Oh -- hello there, Moto.
On my desk sits the brand new Moto X Pure Edition (also known as the "Moto X Style" in some parts of the world). It's the much anticipated follow-up to last year's 2014 Moto X -- a phone that delivered an exceptional overall user experience even with its decidedly average camera and stamina.
This year's model picks up where that phone left off and promises to make things bigger (quite literally) and better (all around). And with a new carrier-free sales model and a starting price of just $400 unlocked, it has the potential to seriously shake up the smartphone market.
The real question, of course, is what the new Moto X is actually like to use. I'll be living with the phone for the next several days in order to formulate some meaningful real-world impressions -- but in the meantime, here are the first things I've noticed as I've started to move into the device:
It's big. Like, seriously this time.
Yeah, yeah -- I know: We said the same thing last year when comparing the 2014 Moto X to the previous year's first-gen model. But while last year's version took the phone from being "compact" to being "standard-sized," this year's device moves the Moto X firmly into plus-sized terrain.
Is that a good change or a bad one? Well, it really just depends on your perspective and what type of phone you prefer. I haven't been using the device long enough to reach any firm conclusions of my own yet, but what I can tell you for now is that the new Moto X is basically the same size as Samsung's Galaxy Note 5. And if you read my review of that device, you know that I was pleasantly surprised at how manageable it ended up being.
Its design is familiar -- with a few new twists.
If you've seen the 2014 Moto X, the new Moto X Pure Edition will look immediately familiar. Size aside, the device follows the same basic blueprint as the previous model -- the curved shape, the metal frame, and the choice of various plastic, leather, and real-wood backs.
When you look closely, though, you do notice some evolution in the phone's design. The most prominent change is a new metallic strip connecting the camera lens to the trademark Motorola "dimple" on the device's back. Both the lens and the dimple are smaller than they were on the 2014 device, though the strip itself -- which is available in a choice of seven different colors via Motorola's Moto Maker customization tool -- is a much more striking and prominent visual feature.
The materials on the back are also a bit different this go-round: The "soft grip" plastic has a new diagonal-stripe texture and a very different feel from the "soft touch" plastic of yore. The leather features a different finish, too ("Saffiano," if that means anything to anyone). The wood options appear to be mostly the same, with a choice of Bamboo, Walnut, Ebony, or Charcoal Ash finishes.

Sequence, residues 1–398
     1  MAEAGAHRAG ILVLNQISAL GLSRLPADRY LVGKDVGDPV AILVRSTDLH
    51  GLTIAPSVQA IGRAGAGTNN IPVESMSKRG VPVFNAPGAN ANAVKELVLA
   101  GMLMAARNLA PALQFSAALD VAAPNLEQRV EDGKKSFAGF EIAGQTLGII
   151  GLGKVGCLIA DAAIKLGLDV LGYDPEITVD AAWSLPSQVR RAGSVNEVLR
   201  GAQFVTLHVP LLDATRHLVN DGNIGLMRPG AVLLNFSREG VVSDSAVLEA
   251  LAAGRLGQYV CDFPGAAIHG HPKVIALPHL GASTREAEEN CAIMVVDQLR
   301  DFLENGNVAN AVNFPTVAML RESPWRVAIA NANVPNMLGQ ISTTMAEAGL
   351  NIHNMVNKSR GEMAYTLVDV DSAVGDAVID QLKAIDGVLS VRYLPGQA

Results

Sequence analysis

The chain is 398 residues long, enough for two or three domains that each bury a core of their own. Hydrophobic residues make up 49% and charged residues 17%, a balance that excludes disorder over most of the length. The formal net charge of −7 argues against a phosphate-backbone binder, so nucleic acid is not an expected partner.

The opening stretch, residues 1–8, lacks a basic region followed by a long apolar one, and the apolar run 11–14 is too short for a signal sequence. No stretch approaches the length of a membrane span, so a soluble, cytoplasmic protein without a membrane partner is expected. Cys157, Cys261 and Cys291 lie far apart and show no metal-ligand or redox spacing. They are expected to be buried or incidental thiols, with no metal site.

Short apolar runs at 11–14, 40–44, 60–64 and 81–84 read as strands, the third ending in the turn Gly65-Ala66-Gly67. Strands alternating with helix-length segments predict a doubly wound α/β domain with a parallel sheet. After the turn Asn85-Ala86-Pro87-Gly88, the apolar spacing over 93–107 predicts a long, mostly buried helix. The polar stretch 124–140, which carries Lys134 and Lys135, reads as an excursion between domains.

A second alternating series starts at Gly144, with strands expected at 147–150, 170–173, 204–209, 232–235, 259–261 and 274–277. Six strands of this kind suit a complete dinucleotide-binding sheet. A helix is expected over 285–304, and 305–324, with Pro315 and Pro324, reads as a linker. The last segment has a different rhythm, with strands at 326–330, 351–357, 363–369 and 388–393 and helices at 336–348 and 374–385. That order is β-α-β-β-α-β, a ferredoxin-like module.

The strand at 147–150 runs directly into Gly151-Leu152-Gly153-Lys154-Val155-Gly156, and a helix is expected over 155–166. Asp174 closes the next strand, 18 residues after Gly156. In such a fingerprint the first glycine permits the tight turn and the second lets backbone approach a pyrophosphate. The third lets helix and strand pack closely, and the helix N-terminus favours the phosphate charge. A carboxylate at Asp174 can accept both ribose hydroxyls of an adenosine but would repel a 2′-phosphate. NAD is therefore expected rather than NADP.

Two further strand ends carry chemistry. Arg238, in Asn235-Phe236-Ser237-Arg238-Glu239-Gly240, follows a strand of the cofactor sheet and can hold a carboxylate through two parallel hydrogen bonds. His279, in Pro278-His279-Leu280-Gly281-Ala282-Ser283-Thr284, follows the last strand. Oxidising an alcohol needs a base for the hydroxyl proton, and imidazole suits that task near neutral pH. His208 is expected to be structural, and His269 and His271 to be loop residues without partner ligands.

It has the same strengths as the 2014 Moto X -- with some promising new enhancements.
Motorola's "stock-plus" approach to software is what truly sets its phones apart from the pack, and that same setup is present here -- the clean and clutter-free Android Lollipop (5.1.1) user interface created by Google, with no arbitrary visual modifications and only Motorola's excellent and unobtrusive custom features added into the mix.
[UPDATE: The Moto X Pure Edition features a nifty new gesture command, too.]
Along with carrying over that pro, Moto is attempting to address some of the cons present in its previous model. You've probably heard plenty about the two most significant under-the-hood changes: a better camera ("one of the best in the industry," according to Motorola) and better stamina. It'll take some time before I'm able to say much about either change and just how significant it really is, but those are definitely areas I'll be looking at closely as I carry the phone over the coming days.
[UPDATE: Some side-by-side comparisons of the cameras on the 2014 Moto X and the new Pure Edition.]
The new Moto X has a handful of other enhancements over last year's model, including a new SD card slot for external storage expansion, the addition of dual front-facing speakers, and a refined Quick Charge system that's supposedly faster than ever (with a charger that's included this time, too).
We're just getting started.
Make no mistake about it: This is all just surface-level stuff -- first impressions. The full review is still to come.
The true test is how the Moto X Pure Edition shines or falls short in regular life -- carrying it around and doing things like surfing the Web on the go, streaming music at the gym, and taking way too many photos of my daughter (often in the poorly lit environments known as the real world). I've said it before and I'll say it again: Seeing how a phone holds up through multiple days of mundane use will always tell you more than any benchmarks or lab tests can reveal.
So stick around, gang. From detailed device-to-device comparisons to the full real-world review, there's much more on the way.
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The Moto X Pure Edition features a nifty new gesture command
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